Steve Rubel wrote a great post in AdAge - and his personal blog - about three quite significant things Google did recently amid the media storm over Google Plus. While we're all trying to figure out all we can about Google Plus, Google's new "social network" designed to compete with Facebook, Google is making not-insignificant tweaks and announcements in other areas that you should pay heed to, particularly if you work in online content marketing in any capacity. I've "Amplified" them below.
First, on June 7 Google unveiled a new way for authors to claim ownership of their content around the web. This allows a writer to embed verified HTML code tied to his/her Google+ profile in all their content, no matter where it appears (e.g. my blog or AdAge.com). Once inserted Google then automatically includes the author’s profile image whenever these works show up in searches. Already the New York Times, CNET and The New Yorker have adopted this simple tag.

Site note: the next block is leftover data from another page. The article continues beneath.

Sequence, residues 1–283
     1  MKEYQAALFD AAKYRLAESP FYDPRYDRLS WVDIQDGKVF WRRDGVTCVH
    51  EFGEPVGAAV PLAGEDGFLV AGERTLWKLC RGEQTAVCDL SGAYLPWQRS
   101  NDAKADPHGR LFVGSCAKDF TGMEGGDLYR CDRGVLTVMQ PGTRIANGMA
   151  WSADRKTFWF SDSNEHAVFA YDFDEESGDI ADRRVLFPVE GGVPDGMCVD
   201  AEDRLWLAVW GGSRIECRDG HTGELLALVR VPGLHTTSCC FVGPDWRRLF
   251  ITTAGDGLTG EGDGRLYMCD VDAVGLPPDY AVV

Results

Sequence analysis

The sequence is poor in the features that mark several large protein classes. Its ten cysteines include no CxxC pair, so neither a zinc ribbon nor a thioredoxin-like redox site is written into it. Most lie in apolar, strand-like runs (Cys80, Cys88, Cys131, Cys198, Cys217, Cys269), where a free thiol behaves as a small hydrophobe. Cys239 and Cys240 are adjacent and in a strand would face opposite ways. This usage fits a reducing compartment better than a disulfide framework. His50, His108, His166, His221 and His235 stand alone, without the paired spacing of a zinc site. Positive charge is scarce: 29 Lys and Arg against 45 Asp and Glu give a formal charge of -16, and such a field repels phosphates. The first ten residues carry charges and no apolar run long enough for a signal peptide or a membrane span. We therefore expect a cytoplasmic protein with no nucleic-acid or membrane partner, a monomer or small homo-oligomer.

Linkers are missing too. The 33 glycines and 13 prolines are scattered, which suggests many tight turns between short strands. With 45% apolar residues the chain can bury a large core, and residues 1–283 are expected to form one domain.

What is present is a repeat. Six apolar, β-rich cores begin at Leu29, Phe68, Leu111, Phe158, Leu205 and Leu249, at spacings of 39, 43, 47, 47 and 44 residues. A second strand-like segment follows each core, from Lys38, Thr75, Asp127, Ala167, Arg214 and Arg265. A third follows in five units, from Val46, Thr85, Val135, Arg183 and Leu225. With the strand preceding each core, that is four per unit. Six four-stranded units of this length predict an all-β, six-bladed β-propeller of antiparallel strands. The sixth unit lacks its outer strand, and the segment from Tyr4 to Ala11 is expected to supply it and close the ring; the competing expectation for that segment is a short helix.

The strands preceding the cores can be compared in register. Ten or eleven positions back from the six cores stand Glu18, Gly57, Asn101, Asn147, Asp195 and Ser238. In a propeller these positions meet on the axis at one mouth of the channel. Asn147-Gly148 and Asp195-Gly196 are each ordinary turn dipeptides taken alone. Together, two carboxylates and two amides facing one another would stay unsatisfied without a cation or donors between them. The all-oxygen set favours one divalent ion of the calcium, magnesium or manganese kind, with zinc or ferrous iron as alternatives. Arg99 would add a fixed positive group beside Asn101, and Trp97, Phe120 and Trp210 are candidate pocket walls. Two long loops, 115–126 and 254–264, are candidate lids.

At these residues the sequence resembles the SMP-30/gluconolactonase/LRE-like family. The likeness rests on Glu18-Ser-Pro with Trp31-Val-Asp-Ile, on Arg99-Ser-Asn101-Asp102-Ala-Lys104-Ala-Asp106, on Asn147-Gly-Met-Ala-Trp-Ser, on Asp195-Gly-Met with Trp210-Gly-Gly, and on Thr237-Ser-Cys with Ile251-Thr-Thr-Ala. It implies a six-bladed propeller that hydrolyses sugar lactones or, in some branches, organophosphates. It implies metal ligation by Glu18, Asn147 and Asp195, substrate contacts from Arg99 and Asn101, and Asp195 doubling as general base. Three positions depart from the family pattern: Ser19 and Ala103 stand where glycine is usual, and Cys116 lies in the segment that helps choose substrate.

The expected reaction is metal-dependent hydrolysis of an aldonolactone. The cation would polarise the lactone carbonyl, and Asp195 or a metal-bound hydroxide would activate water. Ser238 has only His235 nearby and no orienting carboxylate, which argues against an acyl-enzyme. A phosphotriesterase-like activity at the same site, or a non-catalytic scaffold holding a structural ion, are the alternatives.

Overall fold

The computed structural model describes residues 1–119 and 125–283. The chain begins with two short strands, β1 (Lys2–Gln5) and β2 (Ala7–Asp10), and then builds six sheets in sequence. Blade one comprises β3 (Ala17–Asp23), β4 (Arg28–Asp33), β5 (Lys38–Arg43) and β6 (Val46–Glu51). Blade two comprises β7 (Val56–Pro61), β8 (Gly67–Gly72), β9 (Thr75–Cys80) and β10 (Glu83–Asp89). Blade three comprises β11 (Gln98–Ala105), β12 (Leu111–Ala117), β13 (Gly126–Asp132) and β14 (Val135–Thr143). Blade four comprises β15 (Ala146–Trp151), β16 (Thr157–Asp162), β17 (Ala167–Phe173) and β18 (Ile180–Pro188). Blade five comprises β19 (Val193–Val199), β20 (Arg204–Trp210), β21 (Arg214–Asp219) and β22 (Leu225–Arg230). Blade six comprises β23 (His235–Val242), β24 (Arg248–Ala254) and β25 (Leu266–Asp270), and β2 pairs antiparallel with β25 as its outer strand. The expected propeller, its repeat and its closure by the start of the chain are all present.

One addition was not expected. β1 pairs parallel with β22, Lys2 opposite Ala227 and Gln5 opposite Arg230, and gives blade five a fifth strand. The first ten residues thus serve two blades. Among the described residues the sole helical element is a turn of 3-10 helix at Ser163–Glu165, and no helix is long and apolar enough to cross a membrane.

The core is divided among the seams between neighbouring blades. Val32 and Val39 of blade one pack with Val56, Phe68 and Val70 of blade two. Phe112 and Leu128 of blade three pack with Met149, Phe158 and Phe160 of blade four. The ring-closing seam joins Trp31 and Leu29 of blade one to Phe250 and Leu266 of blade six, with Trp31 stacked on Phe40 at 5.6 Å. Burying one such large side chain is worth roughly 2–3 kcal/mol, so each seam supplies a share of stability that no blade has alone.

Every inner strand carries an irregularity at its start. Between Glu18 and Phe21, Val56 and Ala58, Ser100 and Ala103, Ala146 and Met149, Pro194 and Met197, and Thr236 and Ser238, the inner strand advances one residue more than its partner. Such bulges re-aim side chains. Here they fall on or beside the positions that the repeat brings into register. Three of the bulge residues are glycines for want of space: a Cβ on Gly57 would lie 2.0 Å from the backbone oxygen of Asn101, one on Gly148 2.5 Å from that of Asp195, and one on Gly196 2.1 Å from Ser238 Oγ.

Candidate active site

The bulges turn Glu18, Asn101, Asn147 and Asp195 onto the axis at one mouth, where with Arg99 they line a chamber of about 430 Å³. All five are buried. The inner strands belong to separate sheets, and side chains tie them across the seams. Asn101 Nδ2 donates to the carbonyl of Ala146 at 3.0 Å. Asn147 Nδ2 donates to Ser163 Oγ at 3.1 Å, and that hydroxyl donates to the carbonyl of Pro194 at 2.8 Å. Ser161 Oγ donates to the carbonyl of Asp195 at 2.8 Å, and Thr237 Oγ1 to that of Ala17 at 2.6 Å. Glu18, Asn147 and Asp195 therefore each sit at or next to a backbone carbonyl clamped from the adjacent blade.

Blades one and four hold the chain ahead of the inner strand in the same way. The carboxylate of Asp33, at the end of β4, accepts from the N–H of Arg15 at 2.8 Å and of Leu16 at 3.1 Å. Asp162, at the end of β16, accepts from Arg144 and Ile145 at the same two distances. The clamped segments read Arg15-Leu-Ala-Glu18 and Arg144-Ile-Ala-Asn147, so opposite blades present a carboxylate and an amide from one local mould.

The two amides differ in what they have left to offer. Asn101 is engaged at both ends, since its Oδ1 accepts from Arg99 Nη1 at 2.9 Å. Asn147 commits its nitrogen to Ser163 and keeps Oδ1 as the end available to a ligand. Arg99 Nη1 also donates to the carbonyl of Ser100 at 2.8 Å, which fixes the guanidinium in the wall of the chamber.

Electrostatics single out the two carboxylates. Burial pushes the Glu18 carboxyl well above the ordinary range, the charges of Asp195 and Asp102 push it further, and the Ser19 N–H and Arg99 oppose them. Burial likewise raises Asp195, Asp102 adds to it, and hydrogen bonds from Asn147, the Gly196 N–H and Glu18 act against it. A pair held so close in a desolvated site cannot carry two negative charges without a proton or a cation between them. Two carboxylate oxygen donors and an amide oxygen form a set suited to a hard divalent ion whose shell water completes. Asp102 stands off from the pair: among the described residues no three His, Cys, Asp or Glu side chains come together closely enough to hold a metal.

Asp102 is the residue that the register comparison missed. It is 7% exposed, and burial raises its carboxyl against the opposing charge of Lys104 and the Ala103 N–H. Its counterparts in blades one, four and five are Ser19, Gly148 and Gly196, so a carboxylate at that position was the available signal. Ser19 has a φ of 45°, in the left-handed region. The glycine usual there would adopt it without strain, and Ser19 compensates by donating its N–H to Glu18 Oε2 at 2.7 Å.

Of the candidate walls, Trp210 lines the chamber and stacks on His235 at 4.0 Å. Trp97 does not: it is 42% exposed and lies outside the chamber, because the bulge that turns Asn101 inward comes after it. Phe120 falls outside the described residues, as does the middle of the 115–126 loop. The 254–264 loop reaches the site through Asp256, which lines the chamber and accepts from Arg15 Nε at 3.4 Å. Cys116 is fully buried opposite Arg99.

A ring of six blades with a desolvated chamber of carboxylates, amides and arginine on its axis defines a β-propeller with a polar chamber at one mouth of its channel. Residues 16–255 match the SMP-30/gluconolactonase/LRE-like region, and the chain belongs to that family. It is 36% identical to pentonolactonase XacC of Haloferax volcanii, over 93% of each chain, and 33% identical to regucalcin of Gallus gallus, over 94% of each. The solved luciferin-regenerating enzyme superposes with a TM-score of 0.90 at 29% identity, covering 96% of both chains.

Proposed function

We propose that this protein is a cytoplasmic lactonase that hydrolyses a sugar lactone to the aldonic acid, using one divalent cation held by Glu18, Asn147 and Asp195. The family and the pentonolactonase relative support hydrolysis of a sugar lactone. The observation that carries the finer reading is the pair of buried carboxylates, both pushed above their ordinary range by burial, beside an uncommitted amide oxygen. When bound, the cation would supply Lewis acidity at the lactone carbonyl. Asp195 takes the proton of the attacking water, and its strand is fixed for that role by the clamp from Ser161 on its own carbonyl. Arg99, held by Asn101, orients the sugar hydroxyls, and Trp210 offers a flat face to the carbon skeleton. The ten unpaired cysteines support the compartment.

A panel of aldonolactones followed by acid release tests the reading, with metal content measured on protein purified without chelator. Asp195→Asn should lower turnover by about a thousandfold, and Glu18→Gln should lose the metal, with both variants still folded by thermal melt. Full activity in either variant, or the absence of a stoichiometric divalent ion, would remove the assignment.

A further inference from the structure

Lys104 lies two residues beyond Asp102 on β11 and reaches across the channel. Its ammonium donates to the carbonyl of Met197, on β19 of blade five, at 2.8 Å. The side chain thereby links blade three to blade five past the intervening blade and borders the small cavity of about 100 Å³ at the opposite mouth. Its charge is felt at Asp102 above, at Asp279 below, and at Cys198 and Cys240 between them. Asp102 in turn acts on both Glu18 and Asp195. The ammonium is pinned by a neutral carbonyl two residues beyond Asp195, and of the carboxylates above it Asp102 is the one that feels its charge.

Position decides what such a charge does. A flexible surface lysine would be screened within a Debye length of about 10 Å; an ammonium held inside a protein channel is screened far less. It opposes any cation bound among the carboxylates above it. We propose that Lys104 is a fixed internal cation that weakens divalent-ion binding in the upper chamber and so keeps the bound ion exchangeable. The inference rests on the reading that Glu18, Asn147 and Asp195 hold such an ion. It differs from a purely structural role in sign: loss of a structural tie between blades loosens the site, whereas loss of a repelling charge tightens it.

Next on June 28 Google began to make more data available to companies on the impact that tweets, Facebook likes and, most importantly, its own “+1s” sharing buttons have on site traffic.
Finally, Google News is starting to get more social as well. On July 14 the ten-year-old site launched a program that rewards regular users with social badges of authority for reading lots of news stories in a given subject matter.
Susan Moskwa, Webmaster Trends Analyst, suggested that site owners look more deeply at other metrics such as conversion rates, bounce rates (how quickly users abandon a site) and search click-throughs.
Google urged publishers to think beyond the almighty PageRank number that SEO types historically pay much heed to.
Google is slowly reinventing the core of its business by refining the quality of what people turn to it most for - search results - by favoring explicit and implicit signals of authority.Read more at www.steverubel.me